A New Trading Floor in 2016? Options Market Turns to Old Tacticby
BOX Options plans to start an open-outcry floor this year
Options market still has floors, an exception in modern era
In an age of light-speed electronic trading, an options exchange is going old school with a plan to let traders conduct business face to face.
BOX Options Exchange, which operates an electronic trading venue, plans to add open-outcry trading in Chicago later this year, according to Chief Executive Officer Edward Boyle. The proposal requires regulatory approval.
Few exchanges still have trading floors. Most fully operate out of nondescript data centers rather than grand temples of capitalism like the iconic New York Stock Exchange building in Manhattan. One of the biggest exchange operators, CME Group Inc., shut most of its pits last year and plans to close more in the next few months. The options market is an exception, a trend driven by some investors’ preference for the human touch when placing the complicated orders options trading is known for.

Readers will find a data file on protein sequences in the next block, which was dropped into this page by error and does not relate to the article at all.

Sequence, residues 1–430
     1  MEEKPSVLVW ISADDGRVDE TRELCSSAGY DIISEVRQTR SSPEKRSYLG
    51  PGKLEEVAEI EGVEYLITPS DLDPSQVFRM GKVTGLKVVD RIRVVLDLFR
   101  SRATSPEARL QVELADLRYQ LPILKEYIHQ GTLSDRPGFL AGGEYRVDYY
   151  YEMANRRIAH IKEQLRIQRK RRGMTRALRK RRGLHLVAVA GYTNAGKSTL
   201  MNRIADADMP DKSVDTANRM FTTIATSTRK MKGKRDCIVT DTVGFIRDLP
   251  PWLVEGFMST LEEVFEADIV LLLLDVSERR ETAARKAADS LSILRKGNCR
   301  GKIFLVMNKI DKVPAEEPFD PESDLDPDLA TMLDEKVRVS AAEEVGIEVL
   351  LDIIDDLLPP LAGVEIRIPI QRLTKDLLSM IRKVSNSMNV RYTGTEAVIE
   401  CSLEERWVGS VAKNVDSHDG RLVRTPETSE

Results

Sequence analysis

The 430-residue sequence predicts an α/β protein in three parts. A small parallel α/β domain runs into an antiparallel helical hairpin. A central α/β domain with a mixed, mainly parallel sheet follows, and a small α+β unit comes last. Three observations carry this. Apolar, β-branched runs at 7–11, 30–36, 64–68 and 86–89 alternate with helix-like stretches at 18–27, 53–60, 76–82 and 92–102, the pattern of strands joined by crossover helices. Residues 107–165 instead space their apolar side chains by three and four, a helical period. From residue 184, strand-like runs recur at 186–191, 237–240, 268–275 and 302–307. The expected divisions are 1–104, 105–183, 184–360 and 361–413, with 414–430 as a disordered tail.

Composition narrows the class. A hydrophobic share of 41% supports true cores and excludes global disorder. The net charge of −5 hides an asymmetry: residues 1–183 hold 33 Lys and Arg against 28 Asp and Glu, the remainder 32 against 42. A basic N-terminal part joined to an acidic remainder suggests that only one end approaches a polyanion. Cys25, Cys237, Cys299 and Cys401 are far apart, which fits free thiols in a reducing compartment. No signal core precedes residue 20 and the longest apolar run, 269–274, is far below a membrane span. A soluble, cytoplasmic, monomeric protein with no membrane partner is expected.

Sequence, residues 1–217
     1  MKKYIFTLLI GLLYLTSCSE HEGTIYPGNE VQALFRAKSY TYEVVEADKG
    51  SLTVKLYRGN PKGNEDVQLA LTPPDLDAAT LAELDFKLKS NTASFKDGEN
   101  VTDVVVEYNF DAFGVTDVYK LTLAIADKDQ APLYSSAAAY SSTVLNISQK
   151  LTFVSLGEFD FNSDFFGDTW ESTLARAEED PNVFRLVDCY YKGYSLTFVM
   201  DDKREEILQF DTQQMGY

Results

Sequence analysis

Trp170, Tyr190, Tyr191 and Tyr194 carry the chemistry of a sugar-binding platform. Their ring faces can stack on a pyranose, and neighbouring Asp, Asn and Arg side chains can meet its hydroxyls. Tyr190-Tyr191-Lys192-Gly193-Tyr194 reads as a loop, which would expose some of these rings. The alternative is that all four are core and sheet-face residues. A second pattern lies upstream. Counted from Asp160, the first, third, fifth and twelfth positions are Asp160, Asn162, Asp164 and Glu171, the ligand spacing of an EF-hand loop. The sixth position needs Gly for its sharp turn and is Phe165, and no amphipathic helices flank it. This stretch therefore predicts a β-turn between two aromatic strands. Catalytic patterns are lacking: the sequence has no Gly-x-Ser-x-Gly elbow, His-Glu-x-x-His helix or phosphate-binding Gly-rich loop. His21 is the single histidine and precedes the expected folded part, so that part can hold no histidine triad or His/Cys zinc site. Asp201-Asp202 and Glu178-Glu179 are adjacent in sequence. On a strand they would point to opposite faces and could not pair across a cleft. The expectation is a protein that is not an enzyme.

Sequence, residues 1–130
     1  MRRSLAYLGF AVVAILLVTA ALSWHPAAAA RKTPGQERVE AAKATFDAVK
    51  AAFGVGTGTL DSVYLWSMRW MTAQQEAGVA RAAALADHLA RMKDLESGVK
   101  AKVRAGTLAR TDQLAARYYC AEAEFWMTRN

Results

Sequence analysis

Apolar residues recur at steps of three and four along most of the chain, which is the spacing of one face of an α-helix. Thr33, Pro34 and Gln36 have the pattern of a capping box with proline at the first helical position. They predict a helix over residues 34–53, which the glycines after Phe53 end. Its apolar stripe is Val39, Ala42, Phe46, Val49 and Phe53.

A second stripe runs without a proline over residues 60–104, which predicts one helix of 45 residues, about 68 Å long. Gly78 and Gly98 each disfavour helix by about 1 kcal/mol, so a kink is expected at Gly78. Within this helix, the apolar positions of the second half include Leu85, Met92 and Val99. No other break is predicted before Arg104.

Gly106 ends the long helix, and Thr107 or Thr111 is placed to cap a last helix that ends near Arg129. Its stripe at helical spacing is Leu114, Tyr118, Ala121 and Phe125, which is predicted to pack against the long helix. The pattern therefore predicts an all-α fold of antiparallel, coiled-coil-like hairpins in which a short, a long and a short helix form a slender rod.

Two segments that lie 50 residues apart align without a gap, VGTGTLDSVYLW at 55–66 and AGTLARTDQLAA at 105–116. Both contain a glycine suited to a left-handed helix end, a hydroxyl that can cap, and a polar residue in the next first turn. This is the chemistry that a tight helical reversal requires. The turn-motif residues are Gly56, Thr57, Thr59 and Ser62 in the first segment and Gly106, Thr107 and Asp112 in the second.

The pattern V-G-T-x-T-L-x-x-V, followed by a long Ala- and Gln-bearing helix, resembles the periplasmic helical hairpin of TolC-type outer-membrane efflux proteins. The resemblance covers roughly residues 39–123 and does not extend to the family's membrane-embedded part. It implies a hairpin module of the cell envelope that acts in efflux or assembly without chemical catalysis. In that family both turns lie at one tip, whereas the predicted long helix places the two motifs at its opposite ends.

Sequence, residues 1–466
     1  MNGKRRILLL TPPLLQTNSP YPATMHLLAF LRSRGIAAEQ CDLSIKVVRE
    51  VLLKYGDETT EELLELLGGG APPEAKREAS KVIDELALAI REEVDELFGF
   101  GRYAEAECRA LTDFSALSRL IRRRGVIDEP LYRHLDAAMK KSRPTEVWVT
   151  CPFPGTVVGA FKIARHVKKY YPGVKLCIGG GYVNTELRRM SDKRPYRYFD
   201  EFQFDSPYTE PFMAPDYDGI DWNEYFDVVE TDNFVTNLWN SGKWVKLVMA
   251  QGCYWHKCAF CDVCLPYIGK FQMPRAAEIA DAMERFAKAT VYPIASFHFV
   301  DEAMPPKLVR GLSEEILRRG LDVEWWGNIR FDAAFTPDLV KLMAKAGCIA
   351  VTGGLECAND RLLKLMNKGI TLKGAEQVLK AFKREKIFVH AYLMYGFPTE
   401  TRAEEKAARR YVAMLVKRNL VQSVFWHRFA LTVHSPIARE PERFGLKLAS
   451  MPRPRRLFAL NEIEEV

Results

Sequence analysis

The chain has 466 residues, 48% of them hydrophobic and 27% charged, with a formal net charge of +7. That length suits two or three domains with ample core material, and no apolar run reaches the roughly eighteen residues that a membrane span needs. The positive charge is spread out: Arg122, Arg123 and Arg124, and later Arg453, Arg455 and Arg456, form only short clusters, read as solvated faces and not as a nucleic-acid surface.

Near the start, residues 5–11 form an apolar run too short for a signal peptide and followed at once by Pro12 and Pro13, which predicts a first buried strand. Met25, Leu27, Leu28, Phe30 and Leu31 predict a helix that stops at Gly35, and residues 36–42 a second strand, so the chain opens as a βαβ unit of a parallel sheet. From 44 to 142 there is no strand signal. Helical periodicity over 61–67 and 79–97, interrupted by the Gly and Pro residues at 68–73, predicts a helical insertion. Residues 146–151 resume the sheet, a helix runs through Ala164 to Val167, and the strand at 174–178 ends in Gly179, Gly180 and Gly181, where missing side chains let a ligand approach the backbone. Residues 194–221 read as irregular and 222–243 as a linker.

“There’s still a very good reason for trading floors to exist in options trading to facilitate these complex options trades,” Chicago-based Boyle said in an interview.
BOX is one of 14 exchanges in the U.S. equity options market. The Chicago Board Options Exchange has had a trading floor in Chicago since the 1970s, NYSE Group has them in New York and San Francisco, and Nasdaq Inc. operates one in Philadelphia. But starting a new trading floor is unusual these days.
“I can’t remember the last time someone has opened an open-outcry floor,” said Larry Tabb, the CEO and founder of research firm Tabb Group LLC who’s been in the securities industry since 1980.
BOX is owned by TMX Group Ltd., which also controls the Toronto Stock Exchange, and a group of brokers. TMX CEO Lou Eccleston said in August that his company was considering what to do next with the business, which handled 2.6 percent of U.S. options trading in April.